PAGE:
So , everywhere I have looked for pair production it is stated that it cannnot happen in vacuum . Most proofs I have seen for that , state that the conservation of energy and momentum cannot be true at the same time without a body with which the photon will interact in the first place . In most of these proofs the momentum of the electron and the positron is considered the same value p . Why that ?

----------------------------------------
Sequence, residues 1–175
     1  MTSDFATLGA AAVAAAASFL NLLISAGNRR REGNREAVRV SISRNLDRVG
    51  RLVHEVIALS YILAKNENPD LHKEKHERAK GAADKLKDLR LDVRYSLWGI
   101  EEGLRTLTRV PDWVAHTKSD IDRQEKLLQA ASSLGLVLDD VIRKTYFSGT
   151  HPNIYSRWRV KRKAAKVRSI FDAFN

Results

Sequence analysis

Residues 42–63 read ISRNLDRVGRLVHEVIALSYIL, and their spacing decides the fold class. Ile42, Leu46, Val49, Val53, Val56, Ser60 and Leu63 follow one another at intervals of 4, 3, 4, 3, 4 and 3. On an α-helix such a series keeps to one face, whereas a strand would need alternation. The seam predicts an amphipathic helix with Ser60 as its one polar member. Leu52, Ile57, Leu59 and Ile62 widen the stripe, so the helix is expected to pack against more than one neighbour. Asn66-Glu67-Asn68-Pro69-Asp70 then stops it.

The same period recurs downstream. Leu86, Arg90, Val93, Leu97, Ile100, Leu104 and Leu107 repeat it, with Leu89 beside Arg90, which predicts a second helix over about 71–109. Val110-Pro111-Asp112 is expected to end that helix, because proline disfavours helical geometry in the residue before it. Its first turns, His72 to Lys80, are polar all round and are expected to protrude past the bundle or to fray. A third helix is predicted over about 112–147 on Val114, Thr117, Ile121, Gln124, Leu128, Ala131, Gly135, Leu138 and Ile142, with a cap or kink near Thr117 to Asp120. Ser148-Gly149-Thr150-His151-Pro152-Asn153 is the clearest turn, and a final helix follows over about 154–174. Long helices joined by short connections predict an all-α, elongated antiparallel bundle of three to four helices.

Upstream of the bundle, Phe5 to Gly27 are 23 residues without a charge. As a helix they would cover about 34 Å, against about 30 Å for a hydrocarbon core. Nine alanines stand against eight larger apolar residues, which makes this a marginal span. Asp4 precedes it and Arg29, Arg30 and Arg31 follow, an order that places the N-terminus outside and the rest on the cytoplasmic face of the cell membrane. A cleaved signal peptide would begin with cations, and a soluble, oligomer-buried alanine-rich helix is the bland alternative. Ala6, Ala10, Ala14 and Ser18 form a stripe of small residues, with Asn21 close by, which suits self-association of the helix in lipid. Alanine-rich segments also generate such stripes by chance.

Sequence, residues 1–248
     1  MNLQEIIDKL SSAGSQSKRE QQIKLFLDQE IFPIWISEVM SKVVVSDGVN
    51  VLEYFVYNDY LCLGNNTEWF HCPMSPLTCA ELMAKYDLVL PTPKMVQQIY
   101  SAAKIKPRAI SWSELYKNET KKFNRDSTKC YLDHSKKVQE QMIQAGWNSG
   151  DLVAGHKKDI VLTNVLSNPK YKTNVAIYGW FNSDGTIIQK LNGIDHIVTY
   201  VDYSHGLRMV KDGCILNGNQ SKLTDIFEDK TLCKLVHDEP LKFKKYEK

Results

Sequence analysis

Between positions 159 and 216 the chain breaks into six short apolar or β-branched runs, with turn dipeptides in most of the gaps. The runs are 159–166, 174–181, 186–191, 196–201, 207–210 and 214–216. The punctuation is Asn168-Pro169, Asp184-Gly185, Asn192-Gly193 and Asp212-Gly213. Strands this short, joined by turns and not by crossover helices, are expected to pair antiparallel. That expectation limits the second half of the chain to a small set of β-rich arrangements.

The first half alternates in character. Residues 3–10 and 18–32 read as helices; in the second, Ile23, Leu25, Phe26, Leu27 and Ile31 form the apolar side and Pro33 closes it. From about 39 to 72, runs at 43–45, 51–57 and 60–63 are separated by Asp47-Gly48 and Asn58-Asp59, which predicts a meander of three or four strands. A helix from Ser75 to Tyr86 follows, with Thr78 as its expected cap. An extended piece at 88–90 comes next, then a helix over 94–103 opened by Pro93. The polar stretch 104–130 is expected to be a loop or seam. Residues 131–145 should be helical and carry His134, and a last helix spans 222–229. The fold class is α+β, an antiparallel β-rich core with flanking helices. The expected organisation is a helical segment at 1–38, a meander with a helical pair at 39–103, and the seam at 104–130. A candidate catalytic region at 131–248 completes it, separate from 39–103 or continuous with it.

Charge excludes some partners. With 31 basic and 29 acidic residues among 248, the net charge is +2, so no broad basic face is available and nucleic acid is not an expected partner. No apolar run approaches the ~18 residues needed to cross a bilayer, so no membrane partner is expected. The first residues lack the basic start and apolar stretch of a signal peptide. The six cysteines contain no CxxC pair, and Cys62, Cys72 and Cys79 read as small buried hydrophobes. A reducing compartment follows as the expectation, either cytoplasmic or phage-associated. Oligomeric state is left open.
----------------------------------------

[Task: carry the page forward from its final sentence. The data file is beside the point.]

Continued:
My explanation why pair production cannot happen in vacuum is based in the existence of a COM frame . We consider that a COM exists for every isolated system , so one will exist for the pair production in vacuum . But if that's true the spatial momentum of the photon will be zero , which is impossible . So if we consider that the photon first interacts with another object (for example with a nucleus that initially has zero velocity ) then we can find a COM . Is this explanation ok ?